All-inclusive resorts can get a bad rap. The business model is associated with warm places and the type of vacation, such as honeymoons or spring break at college, where a guest travels from afar to lie motionless on a beach chair. In this stereotype, the food is generally uninspired and served buffet style, and the drinks are fruity, frozen, and possibly sweetened. Even as deals change – and die-hard travelers can find all-inclusive packages that allow them to take a safari in southern Africa, ride a horse in Patagonia, take a helicopter ride through Alaska – the prospect choosing the right one, and feeling that you are getting your money’s worth, has become more and more daunting.
It helps to understand how an all-inclusive makes money. All business is based on predictions of human behavior, and these stations survive by making calculations and adjustments. “It’s through trial and error, and you just change to meet the needs of people wherever you can,” says Michael Overcast, owner of Tordrillo Mountain Lodge in Alaska. “What’s important to us is that people feel that they are getting value from it, and it really comes through with the feedback at the end of the trip and the tip to the employees.” Keyboard Warriors can have a huge impact on the entire industry, but particularly in this sector, says Elizabeth Fettes, Director of Marketing and Sales at Karisma Hotels & Resorts. “All-inclusive packages rely heavily on reviews,” she says. “[With] the higher the revision, you are naturally going to have a higher premium rate, and this is going to affect your bottom line.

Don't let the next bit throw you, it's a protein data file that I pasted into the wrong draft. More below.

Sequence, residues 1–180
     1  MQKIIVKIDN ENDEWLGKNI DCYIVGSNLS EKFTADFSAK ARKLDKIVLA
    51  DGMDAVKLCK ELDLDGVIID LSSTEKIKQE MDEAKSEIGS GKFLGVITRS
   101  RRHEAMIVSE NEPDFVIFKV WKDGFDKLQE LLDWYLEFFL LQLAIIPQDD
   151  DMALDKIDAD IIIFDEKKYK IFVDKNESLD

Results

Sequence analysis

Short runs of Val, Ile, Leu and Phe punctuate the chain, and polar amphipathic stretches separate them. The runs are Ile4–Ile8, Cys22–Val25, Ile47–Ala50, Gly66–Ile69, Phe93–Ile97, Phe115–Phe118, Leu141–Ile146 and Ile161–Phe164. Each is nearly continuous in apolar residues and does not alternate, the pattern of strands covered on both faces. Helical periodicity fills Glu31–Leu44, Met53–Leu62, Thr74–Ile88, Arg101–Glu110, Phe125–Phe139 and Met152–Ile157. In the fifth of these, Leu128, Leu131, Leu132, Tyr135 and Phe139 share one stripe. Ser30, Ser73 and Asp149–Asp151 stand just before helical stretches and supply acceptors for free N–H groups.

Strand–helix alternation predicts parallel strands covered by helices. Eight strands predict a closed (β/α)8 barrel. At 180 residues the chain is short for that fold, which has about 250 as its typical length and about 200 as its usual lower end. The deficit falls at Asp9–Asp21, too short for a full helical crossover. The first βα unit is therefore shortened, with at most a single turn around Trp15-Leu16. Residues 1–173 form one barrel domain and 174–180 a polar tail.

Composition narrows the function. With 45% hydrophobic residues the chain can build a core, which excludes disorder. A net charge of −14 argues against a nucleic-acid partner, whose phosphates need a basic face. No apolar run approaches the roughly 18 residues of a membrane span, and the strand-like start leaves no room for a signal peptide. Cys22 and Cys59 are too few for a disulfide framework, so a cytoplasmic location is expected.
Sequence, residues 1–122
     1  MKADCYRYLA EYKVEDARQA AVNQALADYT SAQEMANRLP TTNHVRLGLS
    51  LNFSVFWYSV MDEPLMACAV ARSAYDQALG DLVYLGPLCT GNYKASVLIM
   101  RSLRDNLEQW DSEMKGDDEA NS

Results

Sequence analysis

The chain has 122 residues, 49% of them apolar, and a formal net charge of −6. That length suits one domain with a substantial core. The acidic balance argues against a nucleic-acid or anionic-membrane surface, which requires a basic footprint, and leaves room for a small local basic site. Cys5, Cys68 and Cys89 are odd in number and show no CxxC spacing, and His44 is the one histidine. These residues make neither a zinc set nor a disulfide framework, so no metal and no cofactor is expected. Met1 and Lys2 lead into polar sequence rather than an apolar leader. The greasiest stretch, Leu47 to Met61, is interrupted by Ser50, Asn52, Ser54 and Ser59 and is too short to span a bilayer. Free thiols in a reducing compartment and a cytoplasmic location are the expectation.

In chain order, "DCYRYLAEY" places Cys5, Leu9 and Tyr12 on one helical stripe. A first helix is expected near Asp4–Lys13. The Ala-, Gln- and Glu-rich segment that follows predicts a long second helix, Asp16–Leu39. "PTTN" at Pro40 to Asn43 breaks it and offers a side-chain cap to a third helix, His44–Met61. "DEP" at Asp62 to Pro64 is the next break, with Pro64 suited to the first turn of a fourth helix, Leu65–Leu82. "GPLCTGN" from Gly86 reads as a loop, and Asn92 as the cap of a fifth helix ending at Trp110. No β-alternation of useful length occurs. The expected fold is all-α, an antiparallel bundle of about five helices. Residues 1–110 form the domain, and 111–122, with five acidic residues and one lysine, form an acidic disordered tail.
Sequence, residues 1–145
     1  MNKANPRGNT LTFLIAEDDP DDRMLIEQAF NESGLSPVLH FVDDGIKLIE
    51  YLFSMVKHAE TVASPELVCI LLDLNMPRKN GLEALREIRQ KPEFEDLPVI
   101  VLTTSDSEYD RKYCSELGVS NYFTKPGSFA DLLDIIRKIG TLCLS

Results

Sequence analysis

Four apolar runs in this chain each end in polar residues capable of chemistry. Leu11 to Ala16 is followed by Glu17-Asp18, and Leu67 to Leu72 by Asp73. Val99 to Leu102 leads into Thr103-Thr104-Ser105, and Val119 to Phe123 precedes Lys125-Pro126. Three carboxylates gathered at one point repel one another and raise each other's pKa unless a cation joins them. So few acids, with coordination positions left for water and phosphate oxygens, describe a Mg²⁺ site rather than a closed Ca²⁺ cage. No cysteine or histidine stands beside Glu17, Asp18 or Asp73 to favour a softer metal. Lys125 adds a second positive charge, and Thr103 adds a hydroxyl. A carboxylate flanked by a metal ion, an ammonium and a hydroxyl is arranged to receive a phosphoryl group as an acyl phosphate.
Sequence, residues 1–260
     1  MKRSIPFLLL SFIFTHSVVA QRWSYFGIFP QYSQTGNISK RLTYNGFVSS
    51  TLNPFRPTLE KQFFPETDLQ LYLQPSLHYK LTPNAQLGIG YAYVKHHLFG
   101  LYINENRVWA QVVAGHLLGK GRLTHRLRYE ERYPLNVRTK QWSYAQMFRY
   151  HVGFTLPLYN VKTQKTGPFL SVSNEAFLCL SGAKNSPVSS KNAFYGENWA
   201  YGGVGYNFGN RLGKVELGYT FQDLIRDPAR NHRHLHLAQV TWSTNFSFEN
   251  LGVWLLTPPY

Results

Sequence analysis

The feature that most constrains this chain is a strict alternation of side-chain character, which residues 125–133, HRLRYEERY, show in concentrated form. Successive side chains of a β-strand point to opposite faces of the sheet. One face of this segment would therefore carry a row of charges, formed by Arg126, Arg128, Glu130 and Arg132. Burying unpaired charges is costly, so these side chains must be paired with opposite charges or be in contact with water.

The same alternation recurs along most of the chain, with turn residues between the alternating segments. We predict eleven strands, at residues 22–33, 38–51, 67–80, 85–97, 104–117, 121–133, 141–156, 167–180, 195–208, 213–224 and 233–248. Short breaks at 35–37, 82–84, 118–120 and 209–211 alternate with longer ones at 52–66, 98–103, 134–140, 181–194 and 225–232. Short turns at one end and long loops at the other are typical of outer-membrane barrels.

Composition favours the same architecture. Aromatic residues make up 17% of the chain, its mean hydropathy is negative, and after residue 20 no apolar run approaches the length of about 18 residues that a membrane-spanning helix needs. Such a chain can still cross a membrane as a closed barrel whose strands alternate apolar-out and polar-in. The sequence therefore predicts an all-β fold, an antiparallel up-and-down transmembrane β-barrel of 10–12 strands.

In some ways, these places work like any other hotel. “You have your overhead and you have your calculations and you know roughly what your annual percentage of food will be for x, y, and z, and that’s what you base your rates on and work from there,” explains Rebecca Platt. , Director of Sales and Marketing for the BodyHoliday and Rendezvous resorts in Saint Lucia. Customers just need to beware of hidden charges. “While that doesn’t apply to my resort here in St. Lucia, I’ve worked with resorts in past lives where… you don’t see where there are different levels of all-inclusive packages,” she continues. “You’re going to get a fantastic rate to start with, but when you actually get to the resort, well, yes you can include that, for the extra amount x dollars.”
Along with inclusivity levels, food and drink upgrades are another place resorts can cash in. [they were] supposed to consume. Or when they go out to dinner in town, ”says Claudia Perez, director of sales and marketing at Marquis Los Cabos Resort & Spa. Her colleague Casandra Luna, associate director of sales at the resort, mentions one-off promotions, which keep guests coming back for full price, and packages where hotels can earn extra money. “Packages with transportation, romantic spa services, anything that isn’t fully inclusive, that’s where we get the income,” she says.